Sausages, a man with a barrow and the Berlin Wall

The twenty-fifth anniversary of the
fall of the Berlin wall and my thoughts go back to the days when I first began to use
a computer for word-processing.
What an expression, word
processing.  No longer the business of
writing but the business of processing words, as if words were like sausages on
a conveyer belt in need of packaging. 
I can see it in my mind’s eye. 
My husband makes sausages.  He takes a lump of pork and minces it till it
turns into a lumpy pink sludge then adds herbs and spices. 
Next he forces some part of the
mixture into the top of his sausage maker, brand name DICK, and screws down the
lever that forces the mince into thin stockings of sausage casing made out of
cow gut lining. 

He squeezes a quantity of mixture
into a gigantic sausage and finally cuts it off in over size lengths that he
then sections into sausage length strips tied with a butcher’s string. 
My husband lets the sausages sit in
the fridge for a day, then Cryovacs a small quantity, usually in batches of three
or four sausages, and finally freezes them until use.  Most of the sausages he gives away to friends
and family, and some we take out and defrost for barbeques. 
My husband’s sausages taste better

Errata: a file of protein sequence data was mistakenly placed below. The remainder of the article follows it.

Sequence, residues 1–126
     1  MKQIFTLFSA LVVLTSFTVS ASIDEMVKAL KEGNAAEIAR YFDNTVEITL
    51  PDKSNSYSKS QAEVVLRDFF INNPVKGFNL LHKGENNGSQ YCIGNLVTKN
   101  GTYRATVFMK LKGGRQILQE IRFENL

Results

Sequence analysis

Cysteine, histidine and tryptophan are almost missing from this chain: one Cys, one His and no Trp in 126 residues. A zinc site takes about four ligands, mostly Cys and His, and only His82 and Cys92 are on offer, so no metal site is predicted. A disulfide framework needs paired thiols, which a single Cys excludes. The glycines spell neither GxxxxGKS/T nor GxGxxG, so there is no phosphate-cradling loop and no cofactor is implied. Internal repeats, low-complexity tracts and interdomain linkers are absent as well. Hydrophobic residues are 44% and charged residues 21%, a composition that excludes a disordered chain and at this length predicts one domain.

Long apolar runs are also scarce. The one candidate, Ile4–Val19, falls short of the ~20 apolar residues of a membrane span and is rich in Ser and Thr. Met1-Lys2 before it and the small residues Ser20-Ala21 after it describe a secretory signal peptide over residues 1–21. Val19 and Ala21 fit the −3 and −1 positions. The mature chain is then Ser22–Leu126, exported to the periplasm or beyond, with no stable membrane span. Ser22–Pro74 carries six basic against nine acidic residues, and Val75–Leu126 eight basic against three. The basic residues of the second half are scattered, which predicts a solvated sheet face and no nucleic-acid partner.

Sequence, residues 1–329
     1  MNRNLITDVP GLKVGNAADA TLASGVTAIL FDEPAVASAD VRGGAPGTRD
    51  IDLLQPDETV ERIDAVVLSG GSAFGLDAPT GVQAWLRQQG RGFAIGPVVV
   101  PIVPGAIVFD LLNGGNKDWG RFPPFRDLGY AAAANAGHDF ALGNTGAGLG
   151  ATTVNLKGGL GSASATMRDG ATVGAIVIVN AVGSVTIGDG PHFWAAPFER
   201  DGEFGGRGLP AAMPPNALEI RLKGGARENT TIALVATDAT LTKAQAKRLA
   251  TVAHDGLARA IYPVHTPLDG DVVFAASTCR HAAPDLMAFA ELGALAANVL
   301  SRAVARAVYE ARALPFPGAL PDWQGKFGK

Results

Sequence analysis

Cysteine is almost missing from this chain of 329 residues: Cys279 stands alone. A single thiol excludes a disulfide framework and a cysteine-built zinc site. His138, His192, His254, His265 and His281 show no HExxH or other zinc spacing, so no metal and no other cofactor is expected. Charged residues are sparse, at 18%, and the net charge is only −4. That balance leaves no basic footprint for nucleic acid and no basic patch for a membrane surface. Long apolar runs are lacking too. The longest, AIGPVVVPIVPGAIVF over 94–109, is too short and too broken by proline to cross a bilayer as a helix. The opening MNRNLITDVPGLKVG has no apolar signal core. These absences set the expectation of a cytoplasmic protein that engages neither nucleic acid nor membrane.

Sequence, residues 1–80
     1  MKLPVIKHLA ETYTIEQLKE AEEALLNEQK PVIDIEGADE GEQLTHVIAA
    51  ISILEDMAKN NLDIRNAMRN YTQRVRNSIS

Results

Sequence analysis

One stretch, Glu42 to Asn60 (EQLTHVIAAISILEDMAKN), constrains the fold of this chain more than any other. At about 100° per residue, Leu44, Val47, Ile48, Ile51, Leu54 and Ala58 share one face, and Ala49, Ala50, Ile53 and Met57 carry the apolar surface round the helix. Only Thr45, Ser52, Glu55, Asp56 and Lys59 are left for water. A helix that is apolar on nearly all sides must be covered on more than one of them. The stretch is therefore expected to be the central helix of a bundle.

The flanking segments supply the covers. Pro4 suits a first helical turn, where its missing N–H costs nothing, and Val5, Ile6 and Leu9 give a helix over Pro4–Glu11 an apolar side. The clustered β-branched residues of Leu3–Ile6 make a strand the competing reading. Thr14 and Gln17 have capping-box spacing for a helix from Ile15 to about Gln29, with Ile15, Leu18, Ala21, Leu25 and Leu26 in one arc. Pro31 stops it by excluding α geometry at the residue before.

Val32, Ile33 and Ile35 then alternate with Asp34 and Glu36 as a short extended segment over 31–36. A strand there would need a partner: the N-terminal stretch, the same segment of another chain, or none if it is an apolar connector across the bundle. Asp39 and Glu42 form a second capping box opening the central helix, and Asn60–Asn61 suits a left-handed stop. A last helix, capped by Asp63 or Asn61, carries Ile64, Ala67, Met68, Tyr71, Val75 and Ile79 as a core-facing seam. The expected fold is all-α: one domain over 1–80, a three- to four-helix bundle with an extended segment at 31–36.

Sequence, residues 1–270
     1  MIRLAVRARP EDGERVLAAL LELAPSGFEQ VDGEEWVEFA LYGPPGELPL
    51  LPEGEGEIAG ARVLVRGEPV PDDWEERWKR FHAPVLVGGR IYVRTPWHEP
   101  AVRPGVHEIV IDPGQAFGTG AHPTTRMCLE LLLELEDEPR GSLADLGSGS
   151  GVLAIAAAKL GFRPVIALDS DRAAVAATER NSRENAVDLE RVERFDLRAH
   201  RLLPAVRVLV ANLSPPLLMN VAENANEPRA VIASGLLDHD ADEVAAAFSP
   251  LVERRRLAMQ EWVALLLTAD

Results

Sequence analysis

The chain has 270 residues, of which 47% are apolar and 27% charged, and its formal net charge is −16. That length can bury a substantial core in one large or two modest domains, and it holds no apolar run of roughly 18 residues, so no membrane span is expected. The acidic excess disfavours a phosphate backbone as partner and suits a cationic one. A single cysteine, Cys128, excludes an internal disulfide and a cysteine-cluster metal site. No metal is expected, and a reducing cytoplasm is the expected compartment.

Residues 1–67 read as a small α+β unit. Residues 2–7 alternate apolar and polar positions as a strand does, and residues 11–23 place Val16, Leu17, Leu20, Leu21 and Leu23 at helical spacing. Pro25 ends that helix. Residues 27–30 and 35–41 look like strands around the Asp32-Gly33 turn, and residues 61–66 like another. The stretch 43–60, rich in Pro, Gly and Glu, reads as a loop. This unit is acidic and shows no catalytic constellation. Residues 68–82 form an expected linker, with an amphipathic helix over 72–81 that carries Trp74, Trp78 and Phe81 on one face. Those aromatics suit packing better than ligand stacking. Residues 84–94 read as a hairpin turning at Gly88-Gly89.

than the ones we buy from the shops. We know what goes into them.
Word processing on the other hand
requires other ingredients like the mind behind the machine to turn them into
something of value.
Twenty-five years ago I looked at
computers in the same way as I had looked at cars another ten years earlier
when I was still young and believed I would never need to drive one. 
My husband would be in charge of
all things car related.  I could simply
be a passenger. 
Whether this attitude held me back
I do not know, though it took me several years in my early twenties to get my driver’s
I was phobic about driving, one of
my driving instructors told me.  He took
me out for lessons in his turquoise coloured Datsun 180y and every time I
stepped inside his car I needed to change my shoes. 
These were the days of platform
heels, shoes that gave an extra three or four inches in height. 
Those were the days when a driving instructor
put up a yellow learner’s plate on his car and he could charge a fee to help
someone like me learn to drive. 
It took me three attempts to get my
The first time I failed to stop for
a man who had walked across the driveway with a wheelbarrow. 
I can see him still this man
hunched over his red barrow intent on heaving his load from one side of the
road to the next. 
I could not bring myself to
stop.  There was too much to synchronise:
the getting out through the driveway in a non-automatic car with clutch and gears,
which I needed to coordinate in order to start and to stop. 
I had just managed to get the car out
of the parking lot but needed to stop too soon. 
I managed to slow back to first gear and hoped the man would get past
soon enough for me to go on driving but my instructor slammed on his secondary brakes
to spare us all the horror of my car running into the man with the
The examiner failed me on the spot.
The second time I went for my
licence I managed to get out of the driving zone and onto the road.  I was then able to negotiate my way through
several streets under the examiner’s instructions, but by the time it came to